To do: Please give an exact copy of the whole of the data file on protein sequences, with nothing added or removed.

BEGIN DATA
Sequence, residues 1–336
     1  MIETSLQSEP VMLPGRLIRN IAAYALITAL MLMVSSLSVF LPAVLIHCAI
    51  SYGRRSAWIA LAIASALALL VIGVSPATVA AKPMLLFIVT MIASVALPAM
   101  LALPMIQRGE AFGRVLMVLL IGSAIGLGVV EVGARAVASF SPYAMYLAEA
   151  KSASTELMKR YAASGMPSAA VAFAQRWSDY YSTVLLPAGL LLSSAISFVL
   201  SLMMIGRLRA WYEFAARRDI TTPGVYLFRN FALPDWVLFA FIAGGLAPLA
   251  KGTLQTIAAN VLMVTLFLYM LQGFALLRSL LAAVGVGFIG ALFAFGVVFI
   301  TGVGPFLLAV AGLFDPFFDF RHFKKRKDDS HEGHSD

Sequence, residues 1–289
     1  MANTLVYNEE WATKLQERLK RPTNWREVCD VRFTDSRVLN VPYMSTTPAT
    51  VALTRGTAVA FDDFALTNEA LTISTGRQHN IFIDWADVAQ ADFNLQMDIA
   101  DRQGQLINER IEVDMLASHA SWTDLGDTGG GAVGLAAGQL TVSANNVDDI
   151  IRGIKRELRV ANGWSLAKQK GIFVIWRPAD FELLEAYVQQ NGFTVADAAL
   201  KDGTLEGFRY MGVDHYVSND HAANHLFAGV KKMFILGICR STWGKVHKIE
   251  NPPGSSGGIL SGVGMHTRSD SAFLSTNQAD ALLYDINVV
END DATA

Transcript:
Sequence, residues 1–336
     1  MIETSLQSEP VMLPGRLIRN IAAYALITAL MLMVSSLSVF LPAVLIHCAI
    51  SYGRRSAWIA LAIASALALL VIGVSPATVA AKPMLLFIVT MIASVALPAM
   101  LALPMIQRGE AFGRVLMVLL IGSAIGLGVV EVGARAVASF SPYAMYLAEA
   151  KSASTELMKR YAASGMPSAA VAFAQRWSDY YSTVLLPAGL LLSSAISFVL
   201  SLMMIGRLRA WYEFAARRDI TTPGVYLFRN FALPDWVLFA FIAGGLAPLA
   251  KGTLQTIAAN VLMVTLFLYM LQGFALLRSL LAAVGVGFIG ALFAFGVVFI
   301  TGVGPFLLAV AGLFDPFFDF RHFKKRKDDS HEGHSD

Sequence, residues 1–289
     1  MANTLVYNEE WATKLQERLK RPTNWREVCD VRFTDSRVLN VPYMSTTPAT
    51  VALTRGTAVA FDDFALTNEA LTISTGRQHN IFIDWADVAQ ADFNLQMDIA
   101  DRQGQLINER IEVDMLASHA SWTDLGDTGG GAVGLAAGQL TVSANNVDDI
   151  IRGIKRELRV ANGWSLAKQK GIFVIWRPAD FELLEAYVQQ NGFTVADAAL
   201  KDGTLEGFRY MGVDHYVSND HAANHLFAGV KKMFILGICR STWGKVHKIE
   251  NPPGSSGGIL SGVGMHTRSD SAFLSTNQAD ALLYDINVV